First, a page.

Anyone who watched the Vancouver Olympics knows about Whistler, the resort two hours north of Vancouver where many of the events took place. It's less likely they know that its owner, Fortress Investment Group (NYSE:FIG), is in a battle with lenders to hang on to its prized possession. Fortress' story is the same old song - private equity firms paying too much for an asset (almost all of it in debt), putting the acquired company in jeopardy before the inks dried on the deal. While I'm not a fan of private equity, if you invested in any listed private equity company one year ago when we were at market lows, you'd be a very happy person indeed. The question is whether the good times will continue.
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Investopedia's Arthur Pinkasovitch wrote in February that private equity firms are doing more deals now that consumer spending is slowly expanding and banks are loosening their grip on capital. As the deal flow increases, so too should stock prices. At least that's the theory. The table below shows the one-year return for the PowerShares Global Listed Private Equity ETF (NYSE:PSP) along with those of some of its holdings. You'll notice that none underperformed the S&P 500 in the past year. However, triple-digit returns seem unlikely in 2010, especially when you consider the S&P 500 is up just 2.1% year-to-date. (For related reading, check out What Does Private Equity Indicate?)
Listed Private Equity Stock Returns Past 52 Weeks
|PowerShares Global Listed Private Equity ETF (NYSE:PSP)||151.3%||7.1%|
|American Capital (NASDAQ:ACAS)||674.4%||85.7%|
|Apollo Investment (NASDAQ:AINV)||345.8%||26.6%|
|Fortress Investment Group (NYSE:FIG)||303.7%||-2.0%|
|Blackstone Group (NYSE:BX)||151.3%||13.6%|
|Leucadia National (NYSE:LUK)||130.0%||4.9%|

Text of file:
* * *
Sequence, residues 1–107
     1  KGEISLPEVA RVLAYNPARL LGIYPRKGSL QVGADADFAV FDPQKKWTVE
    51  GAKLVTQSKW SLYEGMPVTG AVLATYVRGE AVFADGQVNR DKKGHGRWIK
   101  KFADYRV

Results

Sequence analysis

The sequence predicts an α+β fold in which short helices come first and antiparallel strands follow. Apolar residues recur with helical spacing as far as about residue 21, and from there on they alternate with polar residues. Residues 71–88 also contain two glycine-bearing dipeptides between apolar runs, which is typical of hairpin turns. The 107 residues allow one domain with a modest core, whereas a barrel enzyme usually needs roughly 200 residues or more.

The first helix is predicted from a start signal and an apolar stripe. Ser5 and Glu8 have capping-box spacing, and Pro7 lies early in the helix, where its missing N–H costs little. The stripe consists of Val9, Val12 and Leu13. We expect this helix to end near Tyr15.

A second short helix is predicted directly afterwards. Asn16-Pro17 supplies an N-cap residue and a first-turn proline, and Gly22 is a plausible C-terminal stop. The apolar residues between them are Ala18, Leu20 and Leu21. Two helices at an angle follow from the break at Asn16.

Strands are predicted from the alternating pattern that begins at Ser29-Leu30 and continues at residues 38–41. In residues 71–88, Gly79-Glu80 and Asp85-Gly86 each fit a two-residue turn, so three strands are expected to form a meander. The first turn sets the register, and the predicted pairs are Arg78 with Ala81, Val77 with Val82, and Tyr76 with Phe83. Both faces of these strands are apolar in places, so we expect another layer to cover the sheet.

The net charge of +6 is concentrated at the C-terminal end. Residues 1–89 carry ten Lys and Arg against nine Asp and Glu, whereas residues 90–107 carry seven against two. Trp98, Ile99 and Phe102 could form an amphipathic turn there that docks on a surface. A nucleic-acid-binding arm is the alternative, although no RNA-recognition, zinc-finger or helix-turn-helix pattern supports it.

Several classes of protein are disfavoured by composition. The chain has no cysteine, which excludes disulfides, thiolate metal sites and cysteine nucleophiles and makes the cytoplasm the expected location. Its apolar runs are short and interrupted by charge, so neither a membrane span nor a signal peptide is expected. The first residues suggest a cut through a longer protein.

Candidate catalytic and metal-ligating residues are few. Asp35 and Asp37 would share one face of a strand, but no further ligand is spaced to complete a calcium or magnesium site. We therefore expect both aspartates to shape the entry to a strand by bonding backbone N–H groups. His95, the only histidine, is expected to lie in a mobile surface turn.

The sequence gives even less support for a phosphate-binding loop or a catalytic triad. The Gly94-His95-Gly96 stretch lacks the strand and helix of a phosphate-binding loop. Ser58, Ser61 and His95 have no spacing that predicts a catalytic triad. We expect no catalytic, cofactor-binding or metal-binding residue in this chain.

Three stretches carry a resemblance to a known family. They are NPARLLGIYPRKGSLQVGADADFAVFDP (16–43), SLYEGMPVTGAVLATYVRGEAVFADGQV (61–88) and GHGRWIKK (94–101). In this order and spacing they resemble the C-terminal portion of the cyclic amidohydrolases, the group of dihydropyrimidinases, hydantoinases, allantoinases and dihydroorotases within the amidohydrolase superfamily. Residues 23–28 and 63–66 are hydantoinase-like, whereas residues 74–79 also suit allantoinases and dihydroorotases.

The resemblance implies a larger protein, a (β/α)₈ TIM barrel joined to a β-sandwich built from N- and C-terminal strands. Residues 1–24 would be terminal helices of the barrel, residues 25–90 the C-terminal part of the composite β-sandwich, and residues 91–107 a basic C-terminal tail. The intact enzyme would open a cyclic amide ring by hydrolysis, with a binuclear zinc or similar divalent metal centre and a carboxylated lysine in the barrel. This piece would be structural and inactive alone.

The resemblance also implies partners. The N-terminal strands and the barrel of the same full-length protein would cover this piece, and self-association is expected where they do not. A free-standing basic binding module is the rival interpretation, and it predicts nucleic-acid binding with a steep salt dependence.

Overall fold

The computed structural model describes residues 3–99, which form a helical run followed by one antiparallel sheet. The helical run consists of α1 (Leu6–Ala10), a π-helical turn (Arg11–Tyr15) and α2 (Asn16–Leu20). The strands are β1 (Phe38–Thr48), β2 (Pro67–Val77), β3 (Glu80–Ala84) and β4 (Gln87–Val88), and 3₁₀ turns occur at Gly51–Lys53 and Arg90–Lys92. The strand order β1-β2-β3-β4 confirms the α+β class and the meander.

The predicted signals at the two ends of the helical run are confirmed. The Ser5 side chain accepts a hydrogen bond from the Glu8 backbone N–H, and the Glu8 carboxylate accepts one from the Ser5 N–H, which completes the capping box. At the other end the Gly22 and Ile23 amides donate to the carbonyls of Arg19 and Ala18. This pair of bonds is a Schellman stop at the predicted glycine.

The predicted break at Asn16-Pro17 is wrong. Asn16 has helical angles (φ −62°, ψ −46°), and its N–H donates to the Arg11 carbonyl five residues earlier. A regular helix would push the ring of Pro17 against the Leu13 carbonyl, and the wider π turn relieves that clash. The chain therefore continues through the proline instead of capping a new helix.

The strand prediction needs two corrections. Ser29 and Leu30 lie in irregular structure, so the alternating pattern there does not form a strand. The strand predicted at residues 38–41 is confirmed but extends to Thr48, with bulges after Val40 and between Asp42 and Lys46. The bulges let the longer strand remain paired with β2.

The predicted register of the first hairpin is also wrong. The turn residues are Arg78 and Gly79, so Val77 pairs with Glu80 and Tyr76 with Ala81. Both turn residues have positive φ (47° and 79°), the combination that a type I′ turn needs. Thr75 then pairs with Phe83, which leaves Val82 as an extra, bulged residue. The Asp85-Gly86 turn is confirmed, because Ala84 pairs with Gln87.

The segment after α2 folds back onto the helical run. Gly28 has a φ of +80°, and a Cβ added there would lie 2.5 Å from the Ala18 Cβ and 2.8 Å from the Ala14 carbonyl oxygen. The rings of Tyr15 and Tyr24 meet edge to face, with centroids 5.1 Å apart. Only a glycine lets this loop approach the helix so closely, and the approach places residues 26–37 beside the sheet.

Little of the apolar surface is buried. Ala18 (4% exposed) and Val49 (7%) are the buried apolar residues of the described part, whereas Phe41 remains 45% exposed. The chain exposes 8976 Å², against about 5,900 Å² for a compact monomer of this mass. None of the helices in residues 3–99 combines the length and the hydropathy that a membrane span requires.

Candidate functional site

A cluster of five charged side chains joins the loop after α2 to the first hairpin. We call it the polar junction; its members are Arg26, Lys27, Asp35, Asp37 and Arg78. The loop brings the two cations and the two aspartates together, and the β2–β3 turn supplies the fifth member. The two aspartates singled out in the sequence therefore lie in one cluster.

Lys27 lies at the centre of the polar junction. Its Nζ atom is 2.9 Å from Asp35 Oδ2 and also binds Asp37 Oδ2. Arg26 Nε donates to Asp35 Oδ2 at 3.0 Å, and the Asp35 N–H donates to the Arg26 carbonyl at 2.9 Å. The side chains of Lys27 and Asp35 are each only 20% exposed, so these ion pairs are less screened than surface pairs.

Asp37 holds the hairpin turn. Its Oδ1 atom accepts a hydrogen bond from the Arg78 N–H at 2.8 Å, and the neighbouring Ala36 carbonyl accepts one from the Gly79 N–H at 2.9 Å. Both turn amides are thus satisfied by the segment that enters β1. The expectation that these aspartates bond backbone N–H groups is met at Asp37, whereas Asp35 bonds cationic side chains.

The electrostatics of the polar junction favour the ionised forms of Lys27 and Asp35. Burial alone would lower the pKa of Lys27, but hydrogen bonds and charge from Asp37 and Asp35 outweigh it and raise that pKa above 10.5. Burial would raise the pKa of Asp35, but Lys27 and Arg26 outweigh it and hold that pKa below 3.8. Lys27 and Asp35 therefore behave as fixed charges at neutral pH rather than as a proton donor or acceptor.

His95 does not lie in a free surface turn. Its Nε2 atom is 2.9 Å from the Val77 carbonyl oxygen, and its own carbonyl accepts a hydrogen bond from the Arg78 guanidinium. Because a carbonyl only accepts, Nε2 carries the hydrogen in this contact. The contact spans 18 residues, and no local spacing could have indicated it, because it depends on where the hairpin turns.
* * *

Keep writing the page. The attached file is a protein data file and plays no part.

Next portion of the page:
|Onex Corp. (TSX:OCX)||88.9%||16.5%|
Close To Home
I believe in transparency. Companies that provide investors with a clear picture of their business and how it's doing always jump to the top of my list. That's the point of investor relations.
Of all the private equity firms listed above, no one does it better than Onex Corporation, located in Toronto right in my own back yard. The first page of the investor information section at its website is so straightforward you could almost make an investment decision based on nothing else. For instance, its shares have grown 14% annually over the last 20 years and its realized private investments and publicly traded stocks have generated a 29% annual internal rate of return since 1984.
Most impressive, and rarely revealed, is the page showing its record for share repurchases over the past 12 years. It's saved shareholders $941 million buying them back at prices lower than today. In its 2009 annual report, it says this about repurchases, "Onex believes that it is advantageous to Onex and its shareholders to continue to repurchase Onex' Subordinate Voting Shares from time to time when the Subordinate Voting Shares are trading at prices that reflect a significant discount to their intrinsic value."
That's what you want in an asset manager. Someone who understands the valuation of assets is critical to its success.
We're into the third month of 2010 and listed private equity continues to blaze ahead of the markets as a whole. If you're a momentum investor, you're likely to continue riding this horse. If you're a value investor, my bet is you're a little concerned about the rapid rise in the last 15 months of both good and bad listed private equity. My suggestion is to look at Onex. They have a long history as a publicly traded private equity asset manager, a productive one at that. (Find out who manages the companies you own. Read Top 9 Questions Investors Should Ask Management.)
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